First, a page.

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Posted on June 1, 2020 at 10:29 AM by Bryan Obenchain
As we continue to navigate through the ongoing coronavirus pandemic and approach the anniversary of the 2011 flood, I can’t help but look back and draw parallels between two disasters that have greatly affected and impacted our community. There are similarities - and a sharp contrast.
To reflect for a moment; by June 30, 2011, temporary levees in Minot had been built, raised, and raised again to fend off the rising Souris River. The valley was in the second mandatory evacuation. The valley and the entire city were watching, waiting, and praying. There were weeks of calm and a hope that we had staved off disaster. Then, record rain fell in the basin north of Minot that would flood and devastate the community. Despite some claims that the volume of water could be managed, it could not be. There was no managing Mother Nature’s wrath; we could only get out of her way.
In some respects, for Minot, COVID-19 has emerged on a similar path. We have been preparing. We have been sacrificing. We have been patient. Now, we are again nearing June 30. What will come next in this new battle? The difference, I hope, is that this time, the power is in our hands to have some control over our destiny, and the effects of COVID-19 on our community.
Locally and statewide, we are in something of a lull with infection numbers. We cannot understate the substantial sacrifice of businesses and the people in the community who have suffered economic loss. We cannot understate the people who have suffered through this illness. We cannot forget the friends and family \we have lost in Minot, in North Dakota, and across the nation to this disease. We can, however, do our best to make sure it wasn’t in vain.
As the state walks down the ND Smart Restart path, I hope and pray that we do not undo the sacrifices that have been made. Psychologically and economically, we need to overcome this disease. We need to reconnect with each other and regain what has been lost. Doing so, we also need to be vigilant and smart. Taking for granted that the worst is over could be a catastrophic mistake. Letting our guard down could very well realign the paths from 2011 to 2020.
What we don’t know is how many in the community are asymptomatic with COVID-19. Common sense tells us that the disease doesn’t affect those carriers. It’s those at high risk, with underlying health conditions, who come in contact with asymptomatic or symptomatic carriers that face the most serious threat. The death toll numbers in North Dakota show exactly that.
We combat this disease by practicing good hygiene, washing our hands, staying at home and away from people when we are sick, and wearing a facemask when we are in close proximity to people outside of our household. Patience and understanding cannot be understated. If someone chooses to wear a facemask, that is their choice to protect others. If a business chooses to adjust its business model to protect employees and patrons, it is a choice based on health and risk. It is also your choice not to wear a mask or not to alter your daily activities. There is no local law against people gathering in close proximity, although the state has outlined recommendations for social gatherings.
Posted on May 15, 2020 at 11:00 AM by Bryan Obenchain
The state of North Dakota has begun the deliberate and intentional process of reopening businesses through the North Dakota Smart Restart effort, providing businesses with guidelines for opening to their customers while following recommendations from health care experts.
In Minot, that process is also under way. Many businesses, including bars and restaurants, are working to follow the guidelines while at the same time safely welcoming customers back into their establishments. Not all businesses have chosen to reopen their doors yet, while others have slowly begun the process, with significant changes to their former operations. Every business owner must make these decisions in the best interest of their particular business; no two situations are the same. What works for one business may not be practical for another.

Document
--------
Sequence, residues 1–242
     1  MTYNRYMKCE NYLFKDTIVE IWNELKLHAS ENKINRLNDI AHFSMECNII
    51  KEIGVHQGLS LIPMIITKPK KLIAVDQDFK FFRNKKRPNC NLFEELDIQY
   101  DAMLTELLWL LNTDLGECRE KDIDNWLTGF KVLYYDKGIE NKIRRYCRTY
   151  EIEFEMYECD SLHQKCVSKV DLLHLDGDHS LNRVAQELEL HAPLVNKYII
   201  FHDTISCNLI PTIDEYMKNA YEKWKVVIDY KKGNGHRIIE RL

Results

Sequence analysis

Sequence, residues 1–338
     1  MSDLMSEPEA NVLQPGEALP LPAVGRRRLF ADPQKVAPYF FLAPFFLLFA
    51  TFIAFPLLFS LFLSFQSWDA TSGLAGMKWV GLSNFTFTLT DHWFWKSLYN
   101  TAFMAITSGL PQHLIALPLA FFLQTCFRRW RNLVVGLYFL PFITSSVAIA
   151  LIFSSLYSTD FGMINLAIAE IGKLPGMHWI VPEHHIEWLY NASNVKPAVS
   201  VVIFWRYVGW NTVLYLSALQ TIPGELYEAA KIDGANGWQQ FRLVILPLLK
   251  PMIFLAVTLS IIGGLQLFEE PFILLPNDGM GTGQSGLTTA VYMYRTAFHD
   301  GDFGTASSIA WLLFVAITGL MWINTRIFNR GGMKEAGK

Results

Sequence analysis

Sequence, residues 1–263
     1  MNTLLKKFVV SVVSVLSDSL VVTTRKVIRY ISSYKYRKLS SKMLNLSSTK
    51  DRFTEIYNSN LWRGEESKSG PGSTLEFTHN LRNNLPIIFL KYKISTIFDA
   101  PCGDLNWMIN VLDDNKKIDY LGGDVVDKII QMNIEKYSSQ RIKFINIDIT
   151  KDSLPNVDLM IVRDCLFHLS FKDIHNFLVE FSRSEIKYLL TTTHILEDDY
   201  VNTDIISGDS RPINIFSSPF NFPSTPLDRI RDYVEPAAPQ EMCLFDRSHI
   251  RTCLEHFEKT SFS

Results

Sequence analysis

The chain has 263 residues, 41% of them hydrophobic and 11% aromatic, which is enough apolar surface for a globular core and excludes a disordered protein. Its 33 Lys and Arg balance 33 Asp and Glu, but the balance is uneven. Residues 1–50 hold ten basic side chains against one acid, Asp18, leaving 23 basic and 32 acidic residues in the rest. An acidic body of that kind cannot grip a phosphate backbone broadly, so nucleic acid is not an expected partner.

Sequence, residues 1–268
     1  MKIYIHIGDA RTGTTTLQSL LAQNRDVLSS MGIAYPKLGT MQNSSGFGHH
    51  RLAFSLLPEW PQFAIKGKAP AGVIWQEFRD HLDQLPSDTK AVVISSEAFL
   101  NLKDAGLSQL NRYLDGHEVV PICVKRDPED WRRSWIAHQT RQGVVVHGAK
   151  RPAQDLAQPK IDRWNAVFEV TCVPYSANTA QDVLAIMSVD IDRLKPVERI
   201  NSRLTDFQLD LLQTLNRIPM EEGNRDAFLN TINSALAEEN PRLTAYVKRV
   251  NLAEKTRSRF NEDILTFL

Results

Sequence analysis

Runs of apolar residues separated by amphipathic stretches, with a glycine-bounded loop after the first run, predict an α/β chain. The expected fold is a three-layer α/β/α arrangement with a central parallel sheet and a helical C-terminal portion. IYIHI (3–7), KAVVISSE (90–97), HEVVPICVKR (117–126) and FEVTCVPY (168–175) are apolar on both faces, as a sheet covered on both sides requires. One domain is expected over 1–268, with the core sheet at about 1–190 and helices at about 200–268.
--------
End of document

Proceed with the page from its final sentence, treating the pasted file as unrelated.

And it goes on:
Much like private businesses, the City of Minot is planning for the reopening of buildings to the public and to allow public attendance at City Council and Planning Commission meetings. I am expecting those plans to be released in the very near future. Rest assured, when the City does begin to reopen, the process will be deliberate and will follow all guidelines from the governor’s office as well as health care recommendations.
One change that will be happening on Monday is the reopening of the Minot Municipal Court, which will return to holding scheduled court proceedings, albeit with noticeable and necessary changes. As outlined in this past week’s COVID-19 press conference, the layout of the court located inside the west side of the Municipal Auditorium has been changed to account for proper social distancing and other health recommendations. Anyone who needs to attend a court hearing should attend alone, wear a facemask or some other kind of face covering, and use the hand sanitizer stations located both in the hallway and in the courtroom. You can read more at www.minotnd.org/news.
Another change taking place this month concerns the daycare operation that was established to provide services to essential workers during the COVID-19 pandemic, including first responders, health care workers, and others. Since the service began as a partnership between the City of Minot, Minot Public Schools, Ward County, Trinity Health, First District Health Unit, and The Learning Tree, the plan was to end the daycare service at the conclusion of the public school year, which happens May 20. The daycare has been a great success, and stands as an example of what can be accomplished when everyone involved works together for the betterment of our entire community. Having this daycare service available allowed essential workers to focus on serving and protecting our community, knowing that their children were being taken care of in a safe, reliable setting. Kudos to everyone who was involved in creating and providing this necessary service. The City of Minot is proud to have played a role in this project.